Reflecting on the offseason, expectations for key players, predictions and more from David Aitken…
A New Beginning
It took the current Jets regime four years, but the team is at last building clearly toward something resembling a long term plan for success. It was by no means a smooth arrival – a two year “competitive rebuild” had the Jets neither successfully rebuilding nor competitive, and regime self-preservation in 2017 meant Josh McCown started 13 games too many and delivered more wins than what would guarantee a top quarterback through draft position.
But a regime that has been accused of too often playing it safe in the offseason made a point to be more aggressive. An offer was tabled that would have made Kirk Cousins the highest paid player in NFL history, several million annually larger than his Vikings deal. Trumaine Johnson joined the Jets on a deal that is one of the most lucrative cornerback deals in NFL history. And of course, rather than gambling on the sixth pick in the draft being a safe landing spot for a quarterback in a class with three top prospects, the Jets made the trade from the sixth pick to the third pick very early in the offseason calendar. It was a rare but refreshing sight – the Jets making the move early in the game, landing in a position of great comfort, forcing other teams to react to the Jets rather than the other way around. And once again, Maccagnan’s luck at the top of the draft came through. Yet this time it was not a defensive interior player slipping through the cracks or a safety. It was the quarterback prospect that was so highly thought of he generated the most buzz at the scouting combine a year before he declared and was expected to be the first overall pick from that point until literally the day of the draft. This was no Kellen Clemens or Christian Hackenberg, this was not even Mark Sanchez or Chad Pennington. In selecting Sam Darnold, the Jets landed their best quarterback prospect since Namath.
The hard work isn’t over – losing three second round picks is still three potential good football players, and simply having a great deal of cap space is not a promise of any large-scale improvement. But the hardest part, certainly, may be done for a long time.
A Bowles Defense, Take Two
At this point we know who Todd Bowles the head coach is. He’s an ordinary head coach that struggles with time management and embracing that football is now played in the 21st century – flaws that are more common than you’d think amongst the rest of the league’s head coaching, but limiting flaws nonetheless.
But if we are to be fair to Todd Bowles, his arrival did not just come on the back of some high profile recommendations (Bill Parcells, Bruce Arians and Joe Gibbs to name a few). Bowles was also named AP Assistant Coach of the Year in 2014 and gained a reputation as one of the league’s brightest schemers throughout his two years in Arizona (Richard Sherman referred to Bowles as the best defensive coordinator he ever faced). We’ve seen some of this already – the Jets in 2015 were a top five defense in DVOA.
We know about the talent drain that soon followed. Players like Darrelle Revis and Antonio Cromartie were on their last legs. It turned out Calvin Pryor’s encouraging 2015 season was just a prank. There was a logjam at defensive end that would inevitably require sorting (shoutout to Mo Wilkerson for helping sort it out himself). Schemes require players, and the Jets have had trouble finding them. But while the defense’s stable of pass rushers remains amongst the league’s absolute worst, there’s an argument to be made that the Jets have the ammunition to match 2015’s defensive effort.
Let’s first be clear about where the Jets will not be better. With Damon Harrison over the center and the defensive end position incredibly well stocked, the Jets in 2015 had arguably the best run defense in the league. The 2018 Jets will still hold their own though in the top third of the league, and that’s a fine place to stand. Defenses in the modern NFL must stop the pass first and foremost.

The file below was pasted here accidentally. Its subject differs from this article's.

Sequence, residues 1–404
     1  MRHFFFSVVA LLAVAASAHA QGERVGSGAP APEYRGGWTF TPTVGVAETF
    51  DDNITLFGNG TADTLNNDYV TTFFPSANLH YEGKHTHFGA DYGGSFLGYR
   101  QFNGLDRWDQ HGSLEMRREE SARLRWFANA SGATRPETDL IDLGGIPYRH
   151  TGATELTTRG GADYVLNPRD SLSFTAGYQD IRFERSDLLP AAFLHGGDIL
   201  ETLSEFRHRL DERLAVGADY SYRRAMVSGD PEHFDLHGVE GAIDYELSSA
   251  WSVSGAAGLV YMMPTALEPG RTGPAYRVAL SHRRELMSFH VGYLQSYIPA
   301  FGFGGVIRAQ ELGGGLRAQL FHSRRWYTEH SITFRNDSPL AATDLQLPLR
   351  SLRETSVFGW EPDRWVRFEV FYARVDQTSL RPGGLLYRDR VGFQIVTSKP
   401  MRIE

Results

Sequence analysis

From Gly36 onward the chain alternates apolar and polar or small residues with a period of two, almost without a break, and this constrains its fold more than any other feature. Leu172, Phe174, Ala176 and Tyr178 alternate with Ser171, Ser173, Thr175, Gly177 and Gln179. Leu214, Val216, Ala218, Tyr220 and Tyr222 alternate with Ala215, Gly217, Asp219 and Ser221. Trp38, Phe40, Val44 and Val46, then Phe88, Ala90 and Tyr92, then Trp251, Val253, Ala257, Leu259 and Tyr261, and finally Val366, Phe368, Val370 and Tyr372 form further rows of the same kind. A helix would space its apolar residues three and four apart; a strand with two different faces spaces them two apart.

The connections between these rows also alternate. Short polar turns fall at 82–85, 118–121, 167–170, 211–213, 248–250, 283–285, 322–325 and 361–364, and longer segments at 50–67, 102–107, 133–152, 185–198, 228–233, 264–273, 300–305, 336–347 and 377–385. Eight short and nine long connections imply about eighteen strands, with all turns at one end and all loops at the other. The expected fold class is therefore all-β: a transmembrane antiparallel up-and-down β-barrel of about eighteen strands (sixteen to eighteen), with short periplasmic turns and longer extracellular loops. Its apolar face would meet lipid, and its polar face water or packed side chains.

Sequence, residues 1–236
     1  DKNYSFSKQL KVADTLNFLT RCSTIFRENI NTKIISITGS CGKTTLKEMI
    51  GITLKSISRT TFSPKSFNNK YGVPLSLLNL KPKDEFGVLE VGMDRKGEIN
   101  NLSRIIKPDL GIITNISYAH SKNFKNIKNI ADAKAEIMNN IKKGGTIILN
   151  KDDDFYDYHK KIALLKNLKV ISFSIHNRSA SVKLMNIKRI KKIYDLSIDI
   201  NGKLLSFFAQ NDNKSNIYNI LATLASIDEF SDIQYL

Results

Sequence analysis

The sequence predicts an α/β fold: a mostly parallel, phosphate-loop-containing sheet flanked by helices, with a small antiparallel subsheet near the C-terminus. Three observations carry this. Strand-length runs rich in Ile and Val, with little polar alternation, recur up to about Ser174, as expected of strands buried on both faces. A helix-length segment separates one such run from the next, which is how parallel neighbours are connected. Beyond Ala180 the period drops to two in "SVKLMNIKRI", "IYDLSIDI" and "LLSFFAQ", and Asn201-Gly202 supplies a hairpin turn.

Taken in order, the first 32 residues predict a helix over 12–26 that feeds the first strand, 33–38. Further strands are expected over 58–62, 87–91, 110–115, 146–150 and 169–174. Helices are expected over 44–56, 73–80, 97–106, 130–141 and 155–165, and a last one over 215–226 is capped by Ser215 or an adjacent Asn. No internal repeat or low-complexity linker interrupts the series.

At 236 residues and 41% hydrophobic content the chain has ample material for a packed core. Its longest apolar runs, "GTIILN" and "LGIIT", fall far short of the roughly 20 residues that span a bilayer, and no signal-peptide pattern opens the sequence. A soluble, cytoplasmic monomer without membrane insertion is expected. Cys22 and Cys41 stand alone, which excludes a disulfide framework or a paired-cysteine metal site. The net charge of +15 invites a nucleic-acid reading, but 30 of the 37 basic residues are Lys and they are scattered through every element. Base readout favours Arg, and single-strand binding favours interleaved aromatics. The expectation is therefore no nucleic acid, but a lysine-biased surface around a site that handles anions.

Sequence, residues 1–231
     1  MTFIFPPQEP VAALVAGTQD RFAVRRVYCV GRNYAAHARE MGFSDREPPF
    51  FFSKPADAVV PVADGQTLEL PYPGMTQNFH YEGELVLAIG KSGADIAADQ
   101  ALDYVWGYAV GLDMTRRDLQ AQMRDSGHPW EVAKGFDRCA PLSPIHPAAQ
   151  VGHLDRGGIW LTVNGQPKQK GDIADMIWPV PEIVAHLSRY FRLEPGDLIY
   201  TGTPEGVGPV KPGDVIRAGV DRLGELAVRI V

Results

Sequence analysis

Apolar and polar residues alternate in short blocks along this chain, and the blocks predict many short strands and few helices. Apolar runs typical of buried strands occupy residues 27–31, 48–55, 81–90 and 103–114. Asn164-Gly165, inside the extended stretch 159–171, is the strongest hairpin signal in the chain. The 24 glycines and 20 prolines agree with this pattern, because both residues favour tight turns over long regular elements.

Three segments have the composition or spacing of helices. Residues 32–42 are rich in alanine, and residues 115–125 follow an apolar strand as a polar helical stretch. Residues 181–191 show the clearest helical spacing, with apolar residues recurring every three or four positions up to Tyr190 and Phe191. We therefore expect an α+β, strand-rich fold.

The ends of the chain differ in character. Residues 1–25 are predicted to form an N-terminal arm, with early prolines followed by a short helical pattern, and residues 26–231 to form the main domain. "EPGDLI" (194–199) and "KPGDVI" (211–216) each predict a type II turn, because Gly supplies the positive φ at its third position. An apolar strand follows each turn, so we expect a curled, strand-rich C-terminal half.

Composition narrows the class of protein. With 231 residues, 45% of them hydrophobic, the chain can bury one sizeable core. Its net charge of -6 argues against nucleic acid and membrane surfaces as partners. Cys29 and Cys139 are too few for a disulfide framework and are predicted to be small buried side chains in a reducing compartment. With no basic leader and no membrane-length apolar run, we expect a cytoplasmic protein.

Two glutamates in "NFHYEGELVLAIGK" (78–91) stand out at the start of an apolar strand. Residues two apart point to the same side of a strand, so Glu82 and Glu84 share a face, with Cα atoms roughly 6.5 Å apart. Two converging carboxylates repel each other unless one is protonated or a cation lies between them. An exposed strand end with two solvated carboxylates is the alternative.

Todd Bowles, much like Rex Ryan before him, likes to build his defenses from the back. Physical corners that can man up on receivers are the priority and pressure can be generated through scheme if not by individual pass rushing talent. In any other offseason where the Jets did not land arguably their most exciting quarterback prospect ever, the Jets paying out one of their largest ever contracts for a defensive player would be generating more hype. Although he’ll never be peak Darrelle Revis, Trumaine Johnson should be a more consistent and medium term answer to the team’s number one cornerback problem that has plagued Todd Bowles’ Jets since Revis called it quits about halfway through the 2015 season. Johnson, who has given up just 1 TD each in three of his last four seasons, statistically came out as the league’s top press man corner in 2017 according to Ian Wharton.
The rest of the cornerback group, on paper, rounds out nicely. Mo Claiborne, up and down in 2017 but better than expected prior to injuries failing him, will settle in better as a number two corner than the de facto number one role he was cast in last year. Buster Skrine in the slot is much maligned through the fan base but remains one of the team’s most unappreciated players at a difficult position. The problem is the pair’s injury record. Claiborne has never played a full sixteen game season and Skrine has dealt with recurring concussion issues. At the back end of the group there is some real promise. Derrick Jones has put together a solid preseason and deservedly landed a spot on the 53 man roster. Don’t tell Jets fans, but another player who has shown in preseason is Rashard Robinson of #WorstTradeEver fame. Even Parry Nickerson, everyone’s favorite late round pick, had a solid debut in the fourth preseason game after missing most of camp with injury. And it’d be unfair to not give some love to Daryl Roberts, whose destiny is to be entrenched as the Jets fourth corner for the rest of eternity.
Two other big features of 2015’s defensive success (besides a favorable schedule and strong turnover luck) were the career years of two first round picks. 2015 was Muhammad Wilkerson’s most productive year, finishing on 12 sacks, and Calvin Pryor came through with a strong second season that he’ll never live up to again. TIME *CLAP* IS *CLAP* A *CLAP* FLAT *CLAP* CIRCLE.
Lions and Presidents
Leonard Williams and Jamal Adams. Before landing Sam Darnold, these two players were Mike Maccagnan’s crown jewels. They were not just touted as key pieces of a franchise’s defense for the next ten years, their draft reputations as “can’t miss players” were used as justification of a sometimes lukewarm best-player-available draft strategy that has struggled to adjust value for position importance. Both players have been good, but to take a defensive interior player or a safety in the top ten of a draft, being good isn’t good enough. Luckily, time is still on their side.